George R. R. Martin
She's a woman. Like a chameleon does, a woman quietly blends into all the parts of her life. Sometimes you can hardly tell she's there, she's so quiet going on about her business. Feed the baby. Muck the stables. Make soup from stones. Make a sheet into a dress. She doesn't count on destiny for anything. She knows its her own hands, her own arms, her own thighs and breasts that have to do the work. Destiny is bigger in men's lives. Destiny is a welcome guest in a man's house. She barely knocks and he's there to open the door. "Yes, yes. You do it, " he says to destiny and lumbers back to his chair.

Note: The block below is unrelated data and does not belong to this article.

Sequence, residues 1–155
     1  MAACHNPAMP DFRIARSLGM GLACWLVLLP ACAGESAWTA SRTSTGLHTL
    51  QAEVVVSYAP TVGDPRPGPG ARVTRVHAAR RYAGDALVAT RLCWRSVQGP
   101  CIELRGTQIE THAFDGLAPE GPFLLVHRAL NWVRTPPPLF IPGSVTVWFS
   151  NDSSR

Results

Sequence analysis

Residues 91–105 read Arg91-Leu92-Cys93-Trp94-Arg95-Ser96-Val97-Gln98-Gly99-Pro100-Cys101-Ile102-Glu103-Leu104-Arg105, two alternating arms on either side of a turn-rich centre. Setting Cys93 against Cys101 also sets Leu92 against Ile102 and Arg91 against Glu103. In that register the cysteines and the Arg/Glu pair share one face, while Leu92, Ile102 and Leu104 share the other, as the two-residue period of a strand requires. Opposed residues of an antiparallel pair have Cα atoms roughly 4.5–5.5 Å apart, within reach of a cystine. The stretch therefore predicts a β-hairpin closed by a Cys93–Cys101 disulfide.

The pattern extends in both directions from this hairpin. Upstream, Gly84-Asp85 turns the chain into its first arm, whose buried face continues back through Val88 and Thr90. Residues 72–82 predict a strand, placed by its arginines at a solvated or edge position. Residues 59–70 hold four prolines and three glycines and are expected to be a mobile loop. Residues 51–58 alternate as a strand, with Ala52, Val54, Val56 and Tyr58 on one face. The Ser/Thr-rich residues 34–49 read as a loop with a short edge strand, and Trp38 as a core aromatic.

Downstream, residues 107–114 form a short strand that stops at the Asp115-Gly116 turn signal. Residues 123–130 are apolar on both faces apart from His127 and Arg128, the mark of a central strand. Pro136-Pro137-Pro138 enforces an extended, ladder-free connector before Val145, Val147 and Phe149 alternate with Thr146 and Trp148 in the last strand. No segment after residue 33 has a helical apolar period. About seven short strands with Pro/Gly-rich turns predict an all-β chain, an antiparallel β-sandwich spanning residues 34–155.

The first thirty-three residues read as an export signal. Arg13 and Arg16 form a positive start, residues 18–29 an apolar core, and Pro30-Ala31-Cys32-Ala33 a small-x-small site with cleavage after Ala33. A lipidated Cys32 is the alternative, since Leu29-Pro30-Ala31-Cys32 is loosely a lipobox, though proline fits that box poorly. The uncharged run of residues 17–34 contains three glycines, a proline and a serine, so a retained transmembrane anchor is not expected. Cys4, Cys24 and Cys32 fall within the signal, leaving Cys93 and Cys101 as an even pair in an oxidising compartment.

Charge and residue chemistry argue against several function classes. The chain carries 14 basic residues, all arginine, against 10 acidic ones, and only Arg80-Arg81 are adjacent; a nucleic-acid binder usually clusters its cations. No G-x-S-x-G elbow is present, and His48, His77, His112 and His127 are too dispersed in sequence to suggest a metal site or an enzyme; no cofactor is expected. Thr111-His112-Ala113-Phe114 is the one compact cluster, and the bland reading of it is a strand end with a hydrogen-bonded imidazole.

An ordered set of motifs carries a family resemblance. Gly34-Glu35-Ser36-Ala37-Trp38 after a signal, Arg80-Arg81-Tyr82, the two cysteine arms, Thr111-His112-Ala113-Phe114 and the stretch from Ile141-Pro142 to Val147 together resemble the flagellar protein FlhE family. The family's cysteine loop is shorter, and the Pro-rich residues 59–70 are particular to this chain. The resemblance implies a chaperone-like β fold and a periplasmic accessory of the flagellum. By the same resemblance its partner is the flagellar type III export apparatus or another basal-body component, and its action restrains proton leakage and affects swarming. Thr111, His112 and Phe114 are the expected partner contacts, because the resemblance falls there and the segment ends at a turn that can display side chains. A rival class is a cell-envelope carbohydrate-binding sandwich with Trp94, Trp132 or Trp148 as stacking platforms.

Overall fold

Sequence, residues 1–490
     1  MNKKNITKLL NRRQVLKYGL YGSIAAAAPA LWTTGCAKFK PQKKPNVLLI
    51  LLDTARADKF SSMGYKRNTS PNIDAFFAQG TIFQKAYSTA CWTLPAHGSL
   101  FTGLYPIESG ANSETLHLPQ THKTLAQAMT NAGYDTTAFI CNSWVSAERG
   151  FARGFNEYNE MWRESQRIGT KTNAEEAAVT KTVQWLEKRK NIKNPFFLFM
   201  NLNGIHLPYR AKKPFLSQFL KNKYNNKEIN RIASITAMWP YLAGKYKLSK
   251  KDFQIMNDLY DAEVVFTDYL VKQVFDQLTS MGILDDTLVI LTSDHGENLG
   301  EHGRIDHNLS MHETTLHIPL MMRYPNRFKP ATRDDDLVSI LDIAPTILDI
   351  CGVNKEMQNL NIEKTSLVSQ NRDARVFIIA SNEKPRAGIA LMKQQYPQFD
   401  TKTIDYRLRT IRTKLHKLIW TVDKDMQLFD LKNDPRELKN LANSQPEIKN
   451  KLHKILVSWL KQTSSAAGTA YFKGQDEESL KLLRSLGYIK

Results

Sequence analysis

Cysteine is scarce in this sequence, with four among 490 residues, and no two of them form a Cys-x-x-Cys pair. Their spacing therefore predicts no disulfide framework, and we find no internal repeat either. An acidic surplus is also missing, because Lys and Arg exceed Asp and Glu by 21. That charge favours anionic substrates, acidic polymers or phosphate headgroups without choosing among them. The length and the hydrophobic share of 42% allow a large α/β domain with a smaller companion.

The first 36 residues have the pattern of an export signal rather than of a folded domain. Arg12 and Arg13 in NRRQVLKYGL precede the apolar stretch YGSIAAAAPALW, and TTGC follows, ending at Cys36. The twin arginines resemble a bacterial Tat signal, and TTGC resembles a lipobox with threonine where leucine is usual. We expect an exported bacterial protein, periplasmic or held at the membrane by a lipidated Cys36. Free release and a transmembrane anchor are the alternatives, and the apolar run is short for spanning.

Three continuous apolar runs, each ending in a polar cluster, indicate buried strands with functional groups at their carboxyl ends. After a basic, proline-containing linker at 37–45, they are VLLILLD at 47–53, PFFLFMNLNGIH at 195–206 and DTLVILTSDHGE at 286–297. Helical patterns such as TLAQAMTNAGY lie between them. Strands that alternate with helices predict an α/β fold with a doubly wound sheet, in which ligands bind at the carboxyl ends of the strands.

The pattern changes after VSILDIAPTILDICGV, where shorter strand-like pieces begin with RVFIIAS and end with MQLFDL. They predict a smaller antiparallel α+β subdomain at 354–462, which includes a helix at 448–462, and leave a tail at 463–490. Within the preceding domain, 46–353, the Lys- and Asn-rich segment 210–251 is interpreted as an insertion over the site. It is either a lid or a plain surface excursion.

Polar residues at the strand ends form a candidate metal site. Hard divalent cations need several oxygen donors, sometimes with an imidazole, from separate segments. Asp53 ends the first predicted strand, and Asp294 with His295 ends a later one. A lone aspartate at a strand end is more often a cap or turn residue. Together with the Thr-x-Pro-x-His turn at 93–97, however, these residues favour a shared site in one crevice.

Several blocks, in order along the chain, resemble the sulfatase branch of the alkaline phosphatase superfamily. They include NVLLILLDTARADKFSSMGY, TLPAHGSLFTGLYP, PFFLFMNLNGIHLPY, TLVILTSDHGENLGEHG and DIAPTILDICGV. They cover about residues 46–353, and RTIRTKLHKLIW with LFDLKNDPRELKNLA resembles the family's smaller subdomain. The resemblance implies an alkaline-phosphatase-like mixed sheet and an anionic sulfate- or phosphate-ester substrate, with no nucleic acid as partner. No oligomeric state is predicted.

Marlena De Blasi
I lost hope when I saw the horses' teeth. As I got closer to the fence, I held my shirt over my nose to block the smell. One stallion waded through the muck and whinnied angrily at me. He bared his teeth, which were pointed like a bear's. I tried to talk to him in my mind. I can do that with most horses. Hi, I told him. I'm going to clean your stables. Won't that be great? Yes! The horse said. Come inside! Eat you! Tasty half-blood! But I'm Poseidon's son, I protested. He created horses. Usually this gets me VIP treatment in the equestrian world, but not this time. Yes! The horse agreed enthusiastically. Poseidon can come in, too! We will eat you both! Seafood!